Villa San Michele: Grande Dame of Florence

BY Lisa Lindblad

September 26, 2010

The Grande Dame of Florence’s hotels is the Villa San Michele, located a short ten minute drive from the city center on the lush hillside of Fiesole.

The original building was a monastery, founded in the 15th century  by the Franciscan monks.  The lush gardens and woodlands were donated by a wealthy Florentine family, creating a setting that served the monastic needs well.  The monastery remained the possession of the Franciscans until 1808 when monastic orders were dissolved by Napoleon and, in 1817, it returned to private hands.  In 1900, an American from New York bought the property and created large greenhouses, restored the building and landscaped the gardens.  During WWII it was badly damaged but, afterwards, was purchased and restored once again by a private owner and turned in to a hotel.  Today, it forms part of the Orient Express portfolio.

The facade of the Villa and its ancient vaulted loggia are attributed to Michelangelo.  The loggia, provides the most celebrated dining venue in Florence with its golden color and unsurpassed views of the city.  In fact, you have  wonderful views of Florence from virtually all of the rooms and suites both in the Renaissance villa and scattered throughout the gardens.  Two of my favorite rooms are the Chapel, a single suite set privately on its own in the garden, and the Limonaia, a four-bedrooms villa with its – soon to be – private swimming pool.

Yet, once again, the hotel, itself, is just the beginning of the story.  You cannot compete, anywhere in Florence, with the San Michele staff.  From the reservations managers and concierges to the waiters and maids (on of my favorite gentlemen is the lovely old man who whistles while he vacuums the rooms), the staff run this hotel like clockwork with ease, humor, and friendliness.  It is the hotel where I have spent most time , this trip, alone working, and yet I have never felt lonely.  I know that Carlo and Danitza are at the end of the phone and the gardeners and room staff walk by from time to time, always with a “buona giornata!”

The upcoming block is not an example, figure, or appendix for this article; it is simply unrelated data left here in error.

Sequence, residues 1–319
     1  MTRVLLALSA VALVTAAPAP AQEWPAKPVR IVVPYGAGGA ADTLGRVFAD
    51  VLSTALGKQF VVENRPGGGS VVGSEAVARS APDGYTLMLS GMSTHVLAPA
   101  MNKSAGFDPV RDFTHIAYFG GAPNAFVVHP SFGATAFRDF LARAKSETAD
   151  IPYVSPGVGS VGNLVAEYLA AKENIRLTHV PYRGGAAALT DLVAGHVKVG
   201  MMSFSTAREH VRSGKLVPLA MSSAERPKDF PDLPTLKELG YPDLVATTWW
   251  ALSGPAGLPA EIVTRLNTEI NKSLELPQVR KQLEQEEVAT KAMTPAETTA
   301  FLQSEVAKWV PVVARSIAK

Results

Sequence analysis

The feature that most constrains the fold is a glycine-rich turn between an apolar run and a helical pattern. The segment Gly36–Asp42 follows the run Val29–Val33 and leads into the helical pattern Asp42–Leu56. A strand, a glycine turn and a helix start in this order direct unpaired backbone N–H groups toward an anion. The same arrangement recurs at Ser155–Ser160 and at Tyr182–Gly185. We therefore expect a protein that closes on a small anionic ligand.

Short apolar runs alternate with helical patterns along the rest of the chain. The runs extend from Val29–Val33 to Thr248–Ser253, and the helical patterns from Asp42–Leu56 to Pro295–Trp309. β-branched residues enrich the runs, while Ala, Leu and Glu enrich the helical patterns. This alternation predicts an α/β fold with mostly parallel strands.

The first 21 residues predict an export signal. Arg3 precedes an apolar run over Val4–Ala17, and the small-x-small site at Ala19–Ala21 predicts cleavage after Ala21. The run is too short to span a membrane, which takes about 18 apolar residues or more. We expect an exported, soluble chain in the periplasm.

I have often thought, during these past few days, of the English who came to Italy on their Grand Tour, settling in Ravello or Positano, in Rome, Venice or Florence for two and three months at a time to paint or write or soak up the Italian sun for their nerves!  In these last days of summer, when the sky is truly cerulean and the sun still carries warmth in its rays, I cannot imagine anything more tempting than to sit on my terrace at the Villa, serenaded by the birds, overlooking the Medici’s great city, and to write.

array(1) { [0]=> object(WP_Post)#5966 (24) { ["ID"]=> int(8571) ["post_author"]=> string(2) "17" ["post_date"]=> string(19) "2018-06-07 09:33:42" ["post_date_gmt"]=> string(19) "2018-06-07 09:33:42" ["post_content"]=> string(1776) " John Derian is a treasure.  It's not that there aren't many with talent and vision because there are,  the world over.  But Derian has other attributes that make him so beloved.  His eye is unerring, his sense of scale is perfect, he layers cultures and eras seamlessly in a room.  And he is accessible in brick and mortar.  His two shops on East Second Street have been haunts for years.  One carries the decoupage he designs and constructs locally (and that make the best gifts ever) along with the coveted  ceramics of Astier de Villatte.  The second Dry Goods store next door showcases quirky antiques, an assortment of vintage furniture, stacks of heavy french linen, Moroccan rugs and soft cotton Indian clothing.  Both are small, but intriguing and interesting enough to seduce you on a journey of the senses. And now, Derian has opened on Christopher Street in a double-windowed storefront of a two-story 18th century house.  It's like walking in to another world.  Traditional Astier, and the later Derian/Astier collaborative pieces, line the walls from roof to floor of the front room.  The back room, wallpapered in his new cabbage rose design and lit by beautiful Balthus-designed standing lamps with parchment shades, offers a living room in which to settle in, thumb through books and albums, and rest the soul. So, go to shop, or simply go to travel in spirit to another place and time." ["post_title"]=> string(21) "John Derian Goes West" ["post_excerpt"]=> string(0) "" ["post_status"]=> string(7) "publish" ["comment_status"]=> string(4) "open" ["ping_status"]=> string(4) "open" ["post_password"]=> string(0) "" ["post_name"]=> string(21) "john-derian-goes-west" ["to_ping"]=> string(0) "" ["pinged"]=> string(0) "" ["post_modified"]=> string(19) "2018-06-07 09:33:42" ["post_modified_gmt"]=> string(19) "2018-06-07 13:33:42" ["post_content_filtered"]=> string(0) "" ["post_parent"]=> int(0) ["guid"]=> string(31) "" ["menu_order"]=> int(0) ["post_type"]=> string(4) "post" ["post_mime_type"]=> string(0) "" ["comment_count"]=> string(1) "0" ["filter"]=> string(3) "raw" } }

John Derian Goes West